The Ozzie Guillén era in Miami was short-lived.
After all the pomp and circumstance surrounding the Miami Marlins in 2012, the final product fell flat on its face. The crew from Showtime's The Franchise followed the team in the early stages, and the opening day festivities were more of a show than the game itself.
From the Hanley Ramírez saga to new manager Ozzie Guillén's Fidel Castro comments, the first part of the season was a bona-fide disaster. Despite a stellar May that put the Fish near the top of the NL East, it was all downhill from there.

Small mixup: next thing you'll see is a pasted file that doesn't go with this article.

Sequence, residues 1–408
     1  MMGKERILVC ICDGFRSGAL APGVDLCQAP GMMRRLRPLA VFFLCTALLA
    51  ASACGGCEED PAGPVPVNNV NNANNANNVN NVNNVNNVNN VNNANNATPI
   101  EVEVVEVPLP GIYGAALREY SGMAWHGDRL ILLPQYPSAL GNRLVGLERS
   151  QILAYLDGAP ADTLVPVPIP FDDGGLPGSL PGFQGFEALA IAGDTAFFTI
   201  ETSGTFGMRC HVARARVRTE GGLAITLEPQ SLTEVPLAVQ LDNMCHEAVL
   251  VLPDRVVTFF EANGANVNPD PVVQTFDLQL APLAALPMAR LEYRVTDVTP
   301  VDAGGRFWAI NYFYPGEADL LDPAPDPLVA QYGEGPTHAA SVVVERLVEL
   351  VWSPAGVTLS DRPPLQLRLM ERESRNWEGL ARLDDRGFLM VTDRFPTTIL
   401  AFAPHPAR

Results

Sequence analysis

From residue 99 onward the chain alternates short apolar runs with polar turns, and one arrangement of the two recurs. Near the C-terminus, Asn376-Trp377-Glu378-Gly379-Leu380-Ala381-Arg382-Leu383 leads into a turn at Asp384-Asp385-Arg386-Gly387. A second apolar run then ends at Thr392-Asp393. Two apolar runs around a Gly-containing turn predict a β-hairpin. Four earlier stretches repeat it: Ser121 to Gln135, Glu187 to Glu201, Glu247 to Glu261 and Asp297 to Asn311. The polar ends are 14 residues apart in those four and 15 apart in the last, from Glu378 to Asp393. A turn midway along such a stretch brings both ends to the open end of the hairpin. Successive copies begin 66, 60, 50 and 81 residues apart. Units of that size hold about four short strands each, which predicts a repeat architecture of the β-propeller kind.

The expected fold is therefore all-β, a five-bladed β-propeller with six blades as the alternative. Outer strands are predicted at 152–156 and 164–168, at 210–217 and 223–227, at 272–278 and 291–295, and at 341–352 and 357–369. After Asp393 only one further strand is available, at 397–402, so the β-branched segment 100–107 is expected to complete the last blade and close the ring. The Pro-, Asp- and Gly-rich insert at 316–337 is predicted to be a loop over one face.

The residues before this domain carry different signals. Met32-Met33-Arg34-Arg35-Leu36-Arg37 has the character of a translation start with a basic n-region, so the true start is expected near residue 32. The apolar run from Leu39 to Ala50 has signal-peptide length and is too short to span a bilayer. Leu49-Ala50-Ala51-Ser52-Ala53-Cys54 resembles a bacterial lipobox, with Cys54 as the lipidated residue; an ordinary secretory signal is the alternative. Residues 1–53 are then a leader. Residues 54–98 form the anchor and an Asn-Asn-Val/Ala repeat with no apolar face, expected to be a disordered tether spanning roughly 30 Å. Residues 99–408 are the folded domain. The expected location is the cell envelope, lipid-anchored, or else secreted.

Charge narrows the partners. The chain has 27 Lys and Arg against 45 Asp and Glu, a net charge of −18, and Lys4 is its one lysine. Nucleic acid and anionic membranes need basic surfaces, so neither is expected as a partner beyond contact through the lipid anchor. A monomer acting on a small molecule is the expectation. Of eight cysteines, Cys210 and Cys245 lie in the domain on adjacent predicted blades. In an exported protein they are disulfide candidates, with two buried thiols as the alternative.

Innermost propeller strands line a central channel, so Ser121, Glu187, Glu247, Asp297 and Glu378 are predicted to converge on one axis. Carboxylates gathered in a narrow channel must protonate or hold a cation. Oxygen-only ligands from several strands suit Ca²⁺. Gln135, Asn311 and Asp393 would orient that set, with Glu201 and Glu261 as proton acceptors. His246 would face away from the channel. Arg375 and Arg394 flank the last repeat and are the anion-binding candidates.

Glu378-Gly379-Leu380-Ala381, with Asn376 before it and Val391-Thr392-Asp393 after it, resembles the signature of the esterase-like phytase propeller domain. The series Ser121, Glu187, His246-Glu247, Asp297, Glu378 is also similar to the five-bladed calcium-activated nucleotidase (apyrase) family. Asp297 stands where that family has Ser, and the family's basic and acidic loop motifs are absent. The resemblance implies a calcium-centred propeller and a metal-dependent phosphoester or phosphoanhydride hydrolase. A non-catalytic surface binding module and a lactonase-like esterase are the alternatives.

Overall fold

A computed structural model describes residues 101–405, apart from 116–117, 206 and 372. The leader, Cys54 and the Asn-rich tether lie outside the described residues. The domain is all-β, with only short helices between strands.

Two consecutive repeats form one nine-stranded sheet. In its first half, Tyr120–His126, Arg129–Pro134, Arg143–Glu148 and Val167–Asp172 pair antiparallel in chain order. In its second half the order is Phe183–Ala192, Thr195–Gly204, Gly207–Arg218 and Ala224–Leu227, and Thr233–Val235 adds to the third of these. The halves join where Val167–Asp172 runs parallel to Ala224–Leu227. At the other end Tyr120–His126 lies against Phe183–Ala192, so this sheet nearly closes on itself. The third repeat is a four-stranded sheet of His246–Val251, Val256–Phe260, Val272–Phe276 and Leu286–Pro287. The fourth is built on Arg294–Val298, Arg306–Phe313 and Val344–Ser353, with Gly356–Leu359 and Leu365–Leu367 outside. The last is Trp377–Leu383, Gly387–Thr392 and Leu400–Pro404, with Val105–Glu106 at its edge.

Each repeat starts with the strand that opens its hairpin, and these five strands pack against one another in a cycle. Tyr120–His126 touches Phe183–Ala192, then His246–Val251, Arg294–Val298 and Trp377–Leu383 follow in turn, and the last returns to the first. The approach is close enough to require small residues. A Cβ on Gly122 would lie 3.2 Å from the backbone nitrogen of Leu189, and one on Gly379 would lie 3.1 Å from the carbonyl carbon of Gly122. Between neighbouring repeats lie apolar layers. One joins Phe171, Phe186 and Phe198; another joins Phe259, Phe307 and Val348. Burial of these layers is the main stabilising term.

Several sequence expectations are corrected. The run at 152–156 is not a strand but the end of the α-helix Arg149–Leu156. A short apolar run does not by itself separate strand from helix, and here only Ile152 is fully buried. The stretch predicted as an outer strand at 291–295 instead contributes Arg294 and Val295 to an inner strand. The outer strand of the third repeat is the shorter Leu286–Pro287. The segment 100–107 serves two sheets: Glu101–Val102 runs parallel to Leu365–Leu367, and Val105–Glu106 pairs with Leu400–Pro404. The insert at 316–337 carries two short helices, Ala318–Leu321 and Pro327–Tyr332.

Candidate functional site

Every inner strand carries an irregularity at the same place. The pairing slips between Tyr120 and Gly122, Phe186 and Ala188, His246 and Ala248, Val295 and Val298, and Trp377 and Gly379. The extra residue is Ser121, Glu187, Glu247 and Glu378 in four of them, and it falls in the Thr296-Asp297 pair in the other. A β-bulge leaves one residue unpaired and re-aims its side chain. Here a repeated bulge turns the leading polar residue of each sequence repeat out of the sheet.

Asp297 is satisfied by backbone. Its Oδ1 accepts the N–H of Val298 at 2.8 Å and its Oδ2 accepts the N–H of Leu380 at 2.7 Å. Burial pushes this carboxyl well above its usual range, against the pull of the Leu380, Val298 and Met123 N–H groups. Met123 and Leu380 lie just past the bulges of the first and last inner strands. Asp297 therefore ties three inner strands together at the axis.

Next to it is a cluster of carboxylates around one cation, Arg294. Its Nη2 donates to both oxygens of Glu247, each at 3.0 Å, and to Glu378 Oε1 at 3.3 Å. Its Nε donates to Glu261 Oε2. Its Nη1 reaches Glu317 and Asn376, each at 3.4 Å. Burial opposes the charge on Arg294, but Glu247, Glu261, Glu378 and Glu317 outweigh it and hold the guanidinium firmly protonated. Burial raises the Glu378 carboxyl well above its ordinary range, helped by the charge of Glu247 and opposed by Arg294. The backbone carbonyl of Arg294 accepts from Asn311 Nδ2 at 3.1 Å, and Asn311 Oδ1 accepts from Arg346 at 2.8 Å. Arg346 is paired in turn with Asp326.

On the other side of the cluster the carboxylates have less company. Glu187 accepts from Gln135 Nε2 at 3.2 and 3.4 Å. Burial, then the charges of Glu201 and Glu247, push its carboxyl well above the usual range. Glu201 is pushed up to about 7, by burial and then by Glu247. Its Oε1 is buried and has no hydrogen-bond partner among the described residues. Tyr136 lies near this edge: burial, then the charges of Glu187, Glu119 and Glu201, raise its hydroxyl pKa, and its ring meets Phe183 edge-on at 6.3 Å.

As the on-field performances dropped in quality, the roster was gutted and attendance at shiny new Marlins Park plummeted. In the end, the Marlins were fish out of water, finishing an abysmal 69-93, 29 games behind first-place Washington.
Guillén was sent packing, and all the team's expensive signings were shipped off as well. After such a major debacle last season, and the removal of most of the team's talent in the offseason, it could be reasonably expected that the team drops even further down the standings.
However, this might not necessarily be the case. Here are a few reasons why.
Juan Pierre returns to the Marlins this season.
It may seem odd to think that a team that just traded away the likes of Mark Buehrle and John Buck, two respected longtime faces in the game, can turn to veteran leadership to turn things around.
This is especially true when you consider the vast abundance of youth on the roster, a gaggle of prospects brought in by cost-cutting trades over the years.